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Corporate Interest in Iraqi Oil
20 August 2002
I consider myself an aspiring devotee of what Gandhi termed satyagraha (truth-force), which in pop politics is described with ambiguous phrases such as "passive resistance" and "civil disobedience."
Call it what you want. I have no ideas for a better word to describe the "experiment in truth" conducted by Gandhi - a truth Gandhi himself believed was most powerfully present in Jesus, President Bush's favorite political philosopher.
But I'm not a pacifist - an admission that seems to confuse a good number of intelligent people. Gandhi himself said: "Manslaughter may be necessary in certain cases. Suppose a man runs amok and goes furiously about, sword in hand, and killing anyone that comes in his way, and no one dares to capture him alive. Anyone who dispatches this lunatic will earn the gratitude of the community and be regarded as a benevolent man."
It's been said non-violent tactics are hopelessly naive because the adherents will be crushed by their enemies and many innocent people would die. If that were skeptics' true concern, why not apply the same logic to war? In the 20th century - the bloodiest century in human history - anywhere from 80 percent to 90 percent of all war casualties were non-combatants.
Some will say non-violent action works with democracies but not against dictators. Well, they'll have a hard time explaining how in 1944 dictatorships in Nicaragua and Guatemala fell in a matter of days by way of Gandhian methods. So I still hope against hope that "regime change" in Iraq can be brought about through non-violent means.
Of course, it may come down to war. And if it does, we should at least be telling ourselves the truth. Even my 12-year-old daughter can see through the simplistic good-versus-evil analysis. So let's stop beating around the Bush and at least have a candid discussion before we allow privileged men sitting in plush, air-conditioned offices to send other people's sons and daughters off to mortal combat.
Shouldn't we be having a vigorous debate about the oil politics fueling this conflict? After all, the five permanent member of the United Nations Security Council are all scrambling for economic control of Iraq's oil reserves.
Read the industry mags and you'll quickly learn that Iraq possesses the second largest oil reserves on the planet, currently estimated at 112.5 billion barrels, or about 11 percent of the world total. Many experts believe that Iraq has more undiscovered reserves, which could double its total petrol production once vigorous prospecting resumes. That would put Iraq up there with Saudi Arabia as one of the world's most profitable oil sources, according to industry experts. Oil companies are drooling at the prospect. One industry insider called it "a boom waiting to happen."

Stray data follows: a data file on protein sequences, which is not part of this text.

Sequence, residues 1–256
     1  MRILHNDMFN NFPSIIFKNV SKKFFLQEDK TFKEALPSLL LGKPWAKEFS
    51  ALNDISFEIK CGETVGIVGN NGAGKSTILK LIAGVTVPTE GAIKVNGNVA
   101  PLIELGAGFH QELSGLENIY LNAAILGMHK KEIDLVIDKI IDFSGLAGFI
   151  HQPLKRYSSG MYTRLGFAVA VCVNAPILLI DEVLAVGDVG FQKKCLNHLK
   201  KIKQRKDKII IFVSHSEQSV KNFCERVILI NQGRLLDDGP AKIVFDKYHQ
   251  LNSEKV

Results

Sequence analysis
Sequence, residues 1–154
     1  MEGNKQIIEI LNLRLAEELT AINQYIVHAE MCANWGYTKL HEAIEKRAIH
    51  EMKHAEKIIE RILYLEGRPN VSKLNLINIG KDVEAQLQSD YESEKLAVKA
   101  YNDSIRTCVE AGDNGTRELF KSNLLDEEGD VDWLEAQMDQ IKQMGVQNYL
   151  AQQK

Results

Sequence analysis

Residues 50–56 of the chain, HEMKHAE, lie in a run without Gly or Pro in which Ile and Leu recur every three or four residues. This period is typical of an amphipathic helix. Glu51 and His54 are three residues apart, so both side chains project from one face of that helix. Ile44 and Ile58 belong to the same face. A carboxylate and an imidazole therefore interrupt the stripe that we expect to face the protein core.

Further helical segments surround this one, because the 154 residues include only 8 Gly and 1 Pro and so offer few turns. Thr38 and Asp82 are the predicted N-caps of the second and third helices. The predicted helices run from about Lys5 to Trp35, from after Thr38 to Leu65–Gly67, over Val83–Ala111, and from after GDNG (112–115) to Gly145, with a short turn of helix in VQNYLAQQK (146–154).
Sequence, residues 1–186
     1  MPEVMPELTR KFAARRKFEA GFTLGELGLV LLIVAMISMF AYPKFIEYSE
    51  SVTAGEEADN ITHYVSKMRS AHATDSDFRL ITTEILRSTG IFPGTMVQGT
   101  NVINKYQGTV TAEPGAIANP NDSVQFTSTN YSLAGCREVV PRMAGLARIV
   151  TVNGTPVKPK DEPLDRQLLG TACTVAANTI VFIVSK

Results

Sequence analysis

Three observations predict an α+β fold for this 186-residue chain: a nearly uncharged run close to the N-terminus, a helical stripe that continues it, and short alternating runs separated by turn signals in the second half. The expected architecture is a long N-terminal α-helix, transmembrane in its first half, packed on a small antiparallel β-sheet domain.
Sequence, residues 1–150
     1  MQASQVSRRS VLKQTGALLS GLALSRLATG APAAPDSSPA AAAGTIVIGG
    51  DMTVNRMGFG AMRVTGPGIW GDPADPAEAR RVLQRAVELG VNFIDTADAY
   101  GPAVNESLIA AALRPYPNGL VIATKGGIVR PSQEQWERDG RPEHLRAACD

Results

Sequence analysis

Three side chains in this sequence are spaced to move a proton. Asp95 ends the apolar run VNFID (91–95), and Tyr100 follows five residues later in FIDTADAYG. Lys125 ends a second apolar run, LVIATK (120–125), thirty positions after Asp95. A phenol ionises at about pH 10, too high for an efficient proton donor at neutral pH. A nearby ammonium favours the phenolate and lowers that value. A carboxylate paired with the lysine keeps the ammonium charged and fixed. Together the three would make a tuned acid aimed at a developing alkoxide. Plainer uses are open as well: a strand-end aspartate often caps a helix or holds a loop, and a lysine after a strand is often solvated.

There's also the fact that five companies dominate the global oil industry. In order of size, the firms are Exxon-Mobil, Royal Dutch-Shell, British Petroleum-Amoco, Chevron-Texaco and TotalElfFina.
A recent report assembled by political scientists and church officials points out: "U.S.-based Exxon-Mobil looms largest among the world's oil companies and, by some yardsticks, measures as the world's biggest company. The United States consequently ranks first in the corporate oil sector, with the United Kingdom second and France trailing as a distant third. Considering that the United States and the United Kingdom act almost alone as (Iraq) sanctions advocates and enforcers, and that they are the headquarters of the world's four largest oil companies, we cannot ignore the possible relationship of (military) policy with this powerful corporate interest."
And let's not forget that U.S. and UK companies had a three-quarter share in Iraq's oil production before the 1972 nationalization of the Iraq Petroleum Co., when the Iraqi government began to make steps to gain greater control of its oil resources.
In a 1998 speech at the Commonwealth Club of San Francisco, Chevron CEO Kenneth Derr candidly remarked: "Iraq possesses huge reserves of oil and gas - reserves I'd love Chevron to have access to." He then voiced his support for the current sanctions regime.
Condoleezza Rice, perhaps the president's most influential national security adviser, was a board member of Chevron before going to work in the White House. Chevron even named one of its supertankers in her honor.
Now, anyone acquainted with the history of Middle East oil politics knows that U.S. policy-makers' interest in dominating the world oil industry goes back to when Rice was a mere twinkle in her father's eye.
But given all these corporate scandals and the close ties that the Bush administration has with big oil, don't you think we owe it to ourselves, and especially to the young men and women in our armed services, to thoroughly investigate this stuff?
To date, Congress and the "liberal" media have, unfortunately, generated more heat than light on this story behind the story.